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Journey of the Barong Tagalog, Addendum Part 18.8: Un Indio de Manila Bestido by Damián Domingo

Un Indio de Manila Bestido by Damián Domingo - Upper class native Filipino man wears red striped Barong Tagalog

19th century Manila was an international, popular and thriving city. According to Nick Joaquin, author of Nineteenth Century Manila: the World of Damián Domingo (1990), it was a center for international trade and a home for foreign businesses and the people that operated them - from China, the United States and Europe.

Manila was improving its infrastructure for its higher class of residents that demanded it. Joaquin documents that electricity was powering homes, businesses and the city. The city sought to upgrade its lighting, moving on from petroleum lamps. It also improved its transportation systems with streetcar lines and other modes of transport. There was even a telephone system that served the entire city.

This cosmopolitan metropolis had its own hybrid culture. According to Joaquin, Manila had four theaters, theater troupes, foreign music groups, Italian opera companies, orchestras and a circus.

Joaquin notes Manila was a safe city with people keeping doors open and burglary being an unknown occurrence. Local customs and society dictated that lunch was precisely at noon. Dinner was at about 8:00 pm. People visited one another from 5:00 pm to 7:00 pm. Reunions and musical soirées usually started at 8:00 pm.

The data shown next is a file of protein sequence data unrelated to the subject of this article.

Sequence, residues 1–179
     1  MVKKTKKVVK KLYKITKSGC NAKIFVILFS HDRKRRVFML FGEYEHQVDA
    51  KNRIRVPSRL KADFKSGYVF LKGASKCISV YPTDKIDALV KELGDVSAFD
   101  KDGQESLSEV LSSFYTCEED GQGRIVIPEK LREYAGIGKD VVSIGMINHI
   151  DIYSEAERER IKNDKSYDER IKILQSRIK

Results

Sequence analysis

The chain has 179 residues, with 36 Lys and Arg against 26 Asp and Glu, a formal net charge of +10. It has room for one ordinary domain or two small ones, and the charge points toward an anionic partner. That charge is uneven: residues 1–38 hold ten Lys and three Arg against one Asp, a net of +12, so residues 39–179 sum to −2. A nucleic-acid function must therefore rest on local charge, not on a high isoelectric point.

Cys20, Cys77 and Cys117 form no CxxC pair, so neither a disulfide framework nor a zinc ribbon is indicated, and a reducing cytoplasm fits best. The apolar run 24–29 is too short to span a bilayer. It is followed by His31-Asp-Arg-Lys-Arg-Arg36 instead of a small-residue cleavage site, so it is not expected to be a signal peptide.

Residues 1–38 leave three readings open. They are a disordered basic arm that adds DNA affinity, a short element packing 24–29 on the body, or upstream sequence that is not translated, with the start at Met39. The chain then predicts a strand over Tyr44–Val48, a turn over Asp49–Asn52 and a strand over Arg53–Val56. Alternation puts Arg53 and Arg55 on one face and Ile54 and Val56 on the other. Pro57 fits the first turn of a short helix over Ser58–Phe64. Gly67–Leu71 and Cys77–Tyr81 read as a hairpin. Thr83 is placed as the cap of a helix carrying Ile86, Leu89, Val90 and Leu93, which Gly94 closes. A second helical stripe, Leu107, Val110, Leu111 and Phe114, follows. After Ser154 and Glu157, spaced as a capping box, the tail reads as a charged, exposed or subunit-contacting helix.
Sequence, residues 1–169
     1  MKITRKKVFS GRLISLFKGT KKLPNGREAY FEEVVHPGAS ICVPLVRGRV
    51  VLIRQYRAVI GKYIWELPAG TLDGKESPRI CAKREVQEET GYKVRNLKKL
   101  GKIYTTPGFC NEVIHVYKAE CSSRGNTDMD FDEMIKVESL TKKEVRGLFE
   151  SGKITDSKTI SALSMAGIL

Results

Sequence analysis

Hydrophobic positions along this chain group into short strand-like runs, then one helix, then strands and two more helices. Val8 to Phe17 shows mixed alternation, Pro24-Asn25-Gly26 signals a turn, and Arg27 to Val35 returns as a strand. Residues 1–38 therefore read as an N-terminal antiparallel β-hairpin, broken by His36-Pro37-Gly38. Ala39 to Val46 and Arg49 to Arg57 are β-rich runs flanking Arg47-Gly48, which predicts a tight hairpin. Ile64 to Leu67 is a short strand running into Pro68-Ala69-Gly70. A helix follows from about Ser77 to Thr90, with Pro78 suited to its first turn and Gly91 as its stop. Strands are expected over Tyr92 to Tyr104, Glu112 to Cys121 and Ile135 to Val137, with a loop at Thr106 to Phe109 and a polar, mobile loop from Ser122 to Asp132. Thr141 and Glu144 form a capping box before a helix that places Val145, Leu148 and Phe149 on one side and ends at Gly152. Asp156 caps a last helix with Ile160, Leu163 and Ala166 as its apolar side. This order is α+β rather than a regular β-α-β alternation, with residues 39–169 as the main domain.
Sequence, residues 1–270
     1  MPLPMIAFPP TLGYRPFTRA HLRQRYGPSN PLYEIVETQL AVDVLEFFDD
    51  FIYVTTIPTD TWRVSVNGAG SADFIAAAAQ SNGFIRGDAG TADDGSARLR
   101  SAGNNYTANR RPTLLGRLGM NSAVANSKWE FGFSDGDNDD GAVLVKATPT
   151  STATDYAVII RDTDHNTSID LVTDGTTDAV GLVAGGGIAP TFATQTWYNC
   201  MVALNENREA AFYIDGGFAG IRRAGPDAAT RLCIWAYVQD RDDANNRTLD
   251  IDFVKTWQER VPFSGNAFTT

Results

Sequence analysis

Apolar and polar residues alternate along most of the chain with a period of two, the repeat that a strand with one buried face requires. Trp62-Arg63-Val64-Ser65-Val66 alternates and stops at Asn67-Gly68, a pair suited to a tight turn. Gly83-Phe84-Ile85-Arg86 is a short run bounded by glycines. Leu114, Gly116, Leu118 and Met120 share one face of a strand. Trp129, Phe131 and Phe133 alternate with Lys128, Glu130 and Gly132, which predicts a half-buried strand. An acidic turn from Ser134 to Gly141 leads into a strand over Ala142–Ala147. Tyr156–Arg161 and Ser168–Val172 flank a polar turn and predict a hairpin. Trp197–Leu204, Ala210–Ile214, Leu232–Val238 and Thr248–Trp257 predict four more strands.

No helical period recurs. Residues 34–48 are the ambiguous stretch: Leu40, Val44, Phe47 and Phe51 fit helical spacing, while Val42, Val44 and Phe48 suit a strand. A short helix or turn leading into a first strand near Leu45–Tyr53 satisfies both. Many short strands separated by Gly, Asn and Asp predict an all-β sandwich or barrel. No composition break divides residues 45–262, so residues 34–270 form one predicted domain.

A recurring character in this society and culture was the Manila dandy, as is shown in Damián Domingo’s piece here titled Un Indio de Manila Bestido [A Native of Manila in Gala Clothing]. This well-dressed and worldly native Filipino man often participated in high society in Manila. He was of the upper class and able to afford the latest fashion and best fabrics and accessories coming from the Americas and Europe from the Manila Galleon Trade and also locally from Chinese traders and native weavers.

The male subject wears a translucent Barong Tagalog with red vertical stripes. Our guess is that the translucent barong fabric is piña since it is expensive and it glows. He wears a long sleeve camisa de chino as an undershirt to his barong to cover his body. To complement his barong, he also wears a neckerchief and a necklace.

He wears wide-leg cropped saya saya pants with embroidered detailing at the bottoms. His slippers on his feet also have embroidery on them. His top hat is from the west. He carries his colorful umbrella under his left arm, a handkerchief in his left hand, and he smokes a cigarette with his right hand.